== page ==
Beto O’Rourke, the former El Paso City Council member, U.S. congressman, and Senate and presidential candidate, is about to earn another title: Professor.
O’Rourke will teach a seminar about the struggle for voting rights in Texas at the LBJ School for Public Affairs at the University of Texas starting in January, O’Rourke and school officials told the American-Statesman.
The class, titled Texas Democracy and the Fight for Representation, will examine democracy in action, Texas legislative policy and executive power, and the history of voter rights and voter participation in the state — while also unpacking the running of a political campaign in Texas.
O’Rourke said he wants to examine the tension in Texas, where a state that produced Lyndon Baines Johnson, signer of the 1965 federal Voting Rights Act, also remains in 2020, despite historic record turnout, “one of most restrictive states in terms of voter participation.”
“There are no sidelines in a democracy,” O’Rourke said in an interview. “Part of the price of being an American is your expectation to participate — civically, in front of the school board, voting in a presidential election. For young people, time and again, inside and outside of official power, they’re able to move this country ultimately to do the right thing — though it can take a long time and be frustratingly slow.”
LBJ officials said the school will decide by lottery the 16 graduate students who get to enroll in the class — out of a little more than 300 graduate students overall. In keeping with pandemic protocols, the class will be held via Zoom.
O’Rourke is “uniquely positioned to speak to the practical and current challenges in public affairs,” said David Springer, acting dean of the LBJ School. “We know that a good many of our students are interested in a life in the political arena and a life of public service, so we think there’s going to be great interest in this course.”
In addition to the course, O’Rourke, a Democrat who rocketed to national fame in his narrowly unsuccessful campaign to unseat U.S. Sen. Ted Cruz, R-Texas, will convene at least a pair of bipartisan forums, online and open to the public, about policymaking and politics.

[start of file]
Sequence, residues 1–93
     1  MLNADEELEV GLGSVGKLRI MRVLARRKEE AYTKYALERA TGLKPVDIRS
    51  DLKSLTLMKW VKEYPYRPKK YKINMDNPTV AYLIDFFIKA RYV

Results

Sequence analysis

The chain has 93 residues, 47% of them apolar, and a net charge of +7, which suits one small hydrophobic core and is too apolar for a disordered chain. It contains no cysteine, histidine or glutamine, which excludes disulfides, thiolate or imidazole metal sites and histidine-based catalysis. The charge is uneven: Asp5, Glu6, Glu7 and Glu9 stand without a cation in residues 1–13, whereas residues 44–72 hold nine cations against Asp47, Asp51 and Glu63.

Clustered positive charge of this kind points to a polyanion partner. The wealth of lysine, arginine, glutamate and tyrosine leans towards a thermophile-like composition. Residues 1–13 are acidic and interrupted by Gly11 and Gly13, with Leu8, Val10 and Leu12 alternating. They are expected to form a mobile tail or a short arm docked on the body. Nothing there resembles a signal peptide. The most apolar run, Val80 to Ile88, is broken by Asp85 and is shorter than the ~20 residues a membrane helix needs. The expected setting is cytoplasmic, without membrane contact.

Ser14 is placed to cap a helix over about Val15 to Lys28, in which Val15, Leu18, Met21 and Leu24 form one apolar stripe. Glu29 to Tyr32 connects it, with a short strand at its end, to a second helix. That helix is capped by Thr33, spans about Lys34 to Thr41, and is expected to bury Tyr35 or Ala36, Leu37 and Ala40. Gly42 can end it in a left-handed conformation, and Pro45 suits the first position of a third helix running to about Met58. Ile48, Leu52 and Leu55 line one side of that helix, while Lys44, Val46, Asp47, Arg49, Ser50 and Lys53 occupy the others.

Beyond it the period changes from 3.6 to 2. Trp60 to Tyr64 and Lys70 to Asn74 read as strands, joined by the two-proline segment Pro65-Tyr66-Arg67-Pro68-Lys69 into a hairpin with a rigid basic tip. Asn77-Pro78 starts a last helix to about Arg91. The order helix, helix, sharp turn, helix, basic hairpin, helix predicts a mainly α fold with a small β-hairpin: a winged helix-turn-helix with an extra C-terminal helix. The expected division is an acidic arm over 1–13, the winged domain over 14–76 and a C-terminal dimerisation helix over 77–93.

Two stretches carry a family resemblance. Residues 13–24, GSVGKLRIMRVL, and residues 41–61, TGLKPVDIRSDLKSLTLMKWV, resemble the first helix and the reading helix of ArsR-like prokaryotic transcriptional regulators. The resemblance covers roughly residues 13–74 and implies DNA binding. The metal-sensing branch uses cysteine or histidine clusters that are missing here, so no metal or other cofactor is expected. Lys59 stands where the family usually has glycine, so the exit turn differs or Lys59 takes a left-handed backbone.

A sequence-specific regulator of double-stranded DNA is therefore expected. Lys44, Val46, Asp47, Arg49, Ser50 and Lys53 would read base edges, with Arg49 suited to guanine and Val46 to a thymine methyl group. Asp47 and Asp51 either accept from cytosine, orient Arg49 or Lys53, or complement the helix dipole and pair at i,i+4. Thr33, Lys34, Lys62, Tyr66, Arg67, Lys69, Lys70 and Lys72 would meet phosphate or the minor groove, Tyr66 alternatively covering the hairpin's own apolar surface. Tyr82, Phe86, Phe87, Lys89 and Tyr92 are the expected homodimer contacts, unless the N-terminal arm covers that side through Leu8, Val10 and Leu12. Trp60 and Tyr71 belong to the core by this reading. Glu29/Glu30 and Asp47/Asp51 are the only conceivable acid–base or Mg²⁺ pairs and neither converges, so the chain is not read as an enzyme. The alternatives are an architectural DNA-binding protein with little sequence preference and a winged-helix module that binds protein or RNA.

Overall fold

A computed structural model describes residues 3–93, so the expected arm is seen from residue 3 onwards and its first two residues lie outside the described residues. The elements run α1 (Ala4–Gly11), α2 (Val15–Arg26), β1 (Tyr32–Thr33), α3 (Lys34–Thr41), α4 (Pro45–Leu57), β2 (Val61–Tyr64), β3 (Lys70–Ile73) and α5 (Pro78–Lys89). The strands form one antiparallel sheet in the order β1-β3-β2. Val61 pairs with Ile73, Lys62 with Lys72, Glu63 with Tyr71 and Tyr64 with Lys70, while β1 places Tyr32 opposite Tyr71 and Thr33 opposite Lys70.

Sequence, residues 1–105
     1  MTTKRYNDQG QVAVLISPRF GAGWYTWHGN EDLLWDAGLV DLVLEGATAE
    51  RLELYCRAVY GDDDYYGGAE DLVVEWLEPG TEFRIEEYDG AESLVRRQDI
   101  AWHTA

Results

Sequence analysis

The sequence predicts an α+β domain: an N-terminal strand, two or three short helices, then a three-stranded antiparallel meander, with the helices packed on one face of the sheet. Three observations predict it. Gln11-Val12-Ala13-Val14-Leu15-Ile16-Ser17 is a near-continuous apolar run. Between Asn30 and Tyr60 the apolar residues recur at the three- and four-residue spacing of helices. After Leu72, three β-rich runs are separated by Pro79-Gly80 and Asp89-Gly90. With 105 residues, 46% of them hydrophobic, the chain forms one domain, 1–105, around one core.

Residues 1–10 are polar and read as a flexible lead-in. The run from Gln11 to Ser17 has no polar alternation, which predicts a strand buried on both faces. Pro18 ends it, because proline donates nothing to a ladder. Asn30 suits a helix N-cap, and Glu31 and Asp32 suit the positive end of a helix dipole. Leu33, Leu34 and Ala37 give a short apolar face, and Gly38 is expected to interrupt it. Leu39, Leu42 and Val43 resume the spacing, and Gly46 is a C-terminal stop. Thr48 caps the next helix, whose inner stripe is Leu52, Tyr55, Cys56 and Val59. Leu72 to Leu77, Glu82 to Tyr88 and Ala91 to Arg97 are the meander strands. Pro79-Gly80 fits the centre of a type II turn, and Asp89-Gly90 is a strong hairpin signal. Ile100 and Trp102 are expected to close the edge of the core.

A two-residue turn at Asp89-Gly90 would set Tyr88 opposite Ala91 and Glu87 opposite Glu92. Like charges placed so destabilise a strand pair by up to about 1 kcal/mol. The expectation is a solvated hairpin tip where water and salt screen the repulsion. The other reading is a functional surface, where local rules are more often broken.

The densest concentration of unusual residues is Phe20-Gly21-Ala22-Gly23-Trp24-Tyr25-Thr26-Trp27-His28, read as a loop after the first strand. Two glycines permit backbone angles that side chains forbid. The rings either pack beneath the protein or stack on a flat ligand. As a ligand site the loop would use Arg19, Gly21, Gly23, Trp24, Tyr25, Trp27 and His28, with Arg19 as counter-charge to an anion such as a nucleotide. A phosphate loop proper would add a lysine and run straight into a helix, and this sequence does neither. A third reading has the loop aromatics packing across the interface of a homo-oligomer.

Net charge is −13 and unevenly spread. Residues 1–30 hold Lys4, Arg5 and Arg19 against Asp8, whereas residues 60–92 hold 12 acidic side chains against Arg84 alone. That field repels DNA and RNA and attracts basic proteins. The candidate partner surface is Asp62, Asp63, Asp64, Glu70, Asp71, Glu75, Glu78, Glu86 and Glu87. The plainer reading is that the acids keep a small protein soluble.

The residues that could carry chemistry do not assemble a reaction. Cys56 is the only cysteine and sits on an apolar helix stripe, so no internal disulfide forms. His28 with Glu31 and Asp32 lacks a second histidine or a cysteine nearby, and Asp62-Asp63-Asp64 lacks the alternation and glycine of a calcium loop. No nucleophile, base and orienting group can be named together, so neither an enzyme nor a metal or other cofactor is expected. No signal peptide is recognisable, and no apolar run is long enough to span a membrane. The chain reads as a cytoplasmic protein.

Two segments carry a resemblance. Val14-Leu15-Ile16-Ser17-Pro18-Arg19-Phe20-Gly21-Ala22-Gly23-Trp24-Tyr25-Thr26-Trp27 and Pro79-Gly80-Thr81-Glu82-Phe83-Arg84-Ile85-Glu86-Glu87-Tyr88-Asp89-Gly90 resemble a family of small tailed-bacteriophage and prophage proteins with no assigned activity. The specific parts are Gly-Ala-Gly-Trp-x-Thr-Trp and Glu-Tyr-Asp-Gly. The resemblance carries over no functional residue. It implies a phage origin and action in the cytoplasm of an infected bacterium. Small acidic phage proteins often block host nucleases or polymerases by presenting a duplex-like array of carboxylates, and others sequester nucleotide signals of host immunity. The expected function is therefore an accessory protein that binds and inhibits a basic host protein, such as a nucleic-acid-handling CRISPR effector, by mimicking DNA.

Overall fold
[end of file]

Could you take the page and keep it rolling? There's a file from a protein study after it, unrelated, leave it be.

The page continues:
O’Rourke told the Statesman that the texts in the class he will teach will include Alexander Keyssar’s “The Right to Vote: The Contested History of Democracy in the United States;” a biography of Lawrence Nixon, a Black El Paso physician who successfully challenged in the U.S. Supreme Court in the 1920s a Texas law that denied African-Americans the right to vote in the Democratic primary; and the late Justice Ruth Bader Ginsburg’s dissent in the 2013 Shelby County v. Holder case, a 2013 U.S. Supreme Court decision that rendered a key section of the Voting Rights Act all but useless.
In her opinion, Ginsburg pointed to continued efforts to discriminate in Texas, among other places, writing that “throwing out preclearance” — the requirement that certain historically discriminatory areas get federal approval before making changes to their voting laws — “when it has worked and is continuing to work to stop discriminatory changes is like throwing away your umbrella in a rainstorm because you are not getting wet.”
Part of the course, naturally, will turn to campaigning.
O’Rourke, who famously connected with record numbers of Texas voters in 2018 — especially younger ones, said the course will discuss “what it’s like to start a campaign and run for office.”
“One of the things I hope to do is demystify it,” he said, explaining that he will speak about his own experience running for El Paso City Council. “There’s no secret handshake, and no necessary magic on the part of the candidate — the basics are actually pretty simple.”
Along these lines, the students will read and discuss a letter of advice from the Roman orator Cicero to his younger brother about running for office.
“This 2,000-year-old text — we’re going to read because the fundamentals still apply,” O’Rourke said. “The Facebook ads, the broadcast TV spots, the slick mailers — from my perspective, a lot of that is just interference, and is a poor substitute for the basics of political campaigning, which essentially call for you to meet the people you want to serve and represent, and have a chance to hear from them and understand what their expectations are and then do your best to meet them.”
O’Rourke will be paid $10,000 for the graduate course, comparable to the standard rate for adjunct assistant professors at the LBJ School, said school spokeswoman Victoria Yu. He will also be paid $10,000 to convene at least two public forums.
He is also scheduled to teach an online course on politics at Texas State University in the spring, the university newspaper reported in October.
That class, O’Rourke told the Statesman, will be an undergraduate course that will be a broader overview of state politics, with an eye to historical movements — such as a farmers alliance that came out of Lampasas — as well as figures and institutions.
And will he be running for governor in 2022?
“I have no plans to run for any office,” O’Rourke told the Statesman. “I’m focused on teaching and that’s what I’ll be spending my time doing.”